Billy Bush attends The Big Screen Achievement Awards on April 23, 2015. In an new interview Bush says that his taped conversation in 2005 with President Donald Trump made his teenaged daughter cry. File Photo by David Becker/UPI | License Photo
May 22 (UPI) -- Billy Bush says that his 16-year-old daughter Mary was hurt by the recorded conversation he had with President Donald Trump in 2005 that featured insensitive remarks about groping women.
"There was a powerful moment -- my now 16-year-old daughter called me ... and she was in tears," Bush said to Robin Roberts on Good Morning America Monday, his first television interview since the tape was leaked in October.
"She was really upset, and I said, 'Mary, it's, it's going to be OK. You know, don't worry,'" Bush said. "And she said, 'No. Why were you laughing at the things that he was saying on that bus? Why were you playing along with it, Dad? It wasn't funny.' I said, 'Mary, I am sorry. And there is no good answer for that.'"
Bush landed in hot water with NBC and was removed from Today for his part in the audio recording as the 45-year-old can be heard laughing at Trump's remarks about groping women because he's "a star" and about how he tried to have an affair with a married woman.
"Obviously I'm embarrassed and ashamed. It's no excuse, but this happened eleven years ago," Bush said shortly after the tape was released. "I was younger, less mature, and acted foolishly in playing along. I'm very sorry." Trump would apologize for the vulgar remarks and stated during the second presidential debate that the conversation he had with Bush was "locker room talk."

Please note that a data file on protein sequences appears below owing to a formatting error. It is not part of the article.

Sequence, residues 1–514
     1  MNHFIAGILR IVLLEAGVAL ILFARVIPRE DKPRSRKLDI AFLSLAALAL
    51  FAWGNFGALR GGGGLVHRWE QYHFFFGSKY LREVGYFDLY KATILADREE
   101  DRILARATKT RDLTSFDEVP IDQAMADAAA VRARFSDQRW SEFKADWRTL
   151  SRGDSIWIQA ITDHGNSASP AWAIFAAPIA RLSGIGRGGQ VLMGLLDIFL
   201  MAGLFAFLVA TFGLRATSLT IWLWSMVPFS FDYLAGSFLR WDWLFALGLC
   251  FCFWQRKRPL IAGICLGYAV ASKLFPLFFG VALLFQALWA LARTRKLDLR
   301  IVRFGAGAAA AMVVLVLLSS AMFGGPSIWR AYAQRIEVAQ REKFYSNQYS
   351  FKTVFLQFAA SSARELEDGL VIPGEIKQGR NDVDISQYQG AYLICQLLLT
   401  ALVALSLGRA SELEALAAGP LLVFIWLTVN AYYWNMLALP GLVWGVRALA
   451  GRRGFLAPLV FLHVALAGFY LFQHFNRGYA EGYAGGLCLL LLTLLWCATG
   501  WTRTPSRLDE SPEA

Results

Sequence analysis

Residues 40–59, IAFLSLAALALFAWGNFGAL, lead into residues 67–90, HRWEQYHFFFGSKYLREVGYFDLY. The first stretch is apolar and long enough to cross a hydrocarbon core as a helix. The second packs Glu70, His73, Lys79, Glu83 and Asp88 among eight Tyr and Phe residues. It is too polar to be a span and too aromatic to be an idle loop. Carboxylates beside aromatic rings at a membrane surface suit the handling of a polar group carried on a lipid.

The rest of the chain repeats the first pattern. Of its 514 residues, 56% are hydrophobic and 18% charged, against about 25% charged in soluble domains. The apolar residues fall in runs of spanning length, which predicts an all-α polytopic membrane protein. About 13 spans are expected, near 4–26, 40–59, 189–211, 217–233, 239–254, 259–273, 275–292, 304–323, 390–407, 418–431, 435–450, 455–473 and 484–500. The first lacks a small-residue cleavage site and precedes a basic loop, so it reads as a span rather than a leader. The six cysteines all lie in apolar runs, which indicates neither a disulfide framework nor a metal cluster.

In a new interview with The Hollywood Reporter, Bush described how it felt to be let go from Today following the tape's release.
"I thought that we would work through it and we would address people. I put together an apology right away, the one you saw; I told people that I was ashamed and embarrassed. And I was. So in the beginning, I thought, "OK, we'll go and own up to this moment." Then I got home, and it started to become apparent that [I] would not be returning [to Today]. It hurt a lot, and I fell apart. But I had to put aside those feelings and get through legal things. I never had a legal team; I had never had a publicist before," the former Access Hollywood host said.
When asked how he feels about Trump becoming president while he was fired, Bush replied, "I will admit the irony is glaring. [Trump] has his process for his participation [in the tape], and I have mine. I had to turn this into a positive."
"I've come out of this with a deeper understanding of how women can connect to the feeling of having to fight extra hard for an even playing field. The ground isn't even. Maybe it's improving, but still it isn't even. When a woman watches that tape -- and this is what really hit me -- they may be asking themselves, "Is that what happens when I walk out of a room? When I walk out of a meeting, is that what they're saying about me? Are they sizing me up?" I can't live with that. If a moment like that arose again, I would shut it down quickly. I am in the women-raising business, exclusively. I have three daughters -- Mary, Lillie, Josie -- and I care very much about the world and the people they encounter," he continued.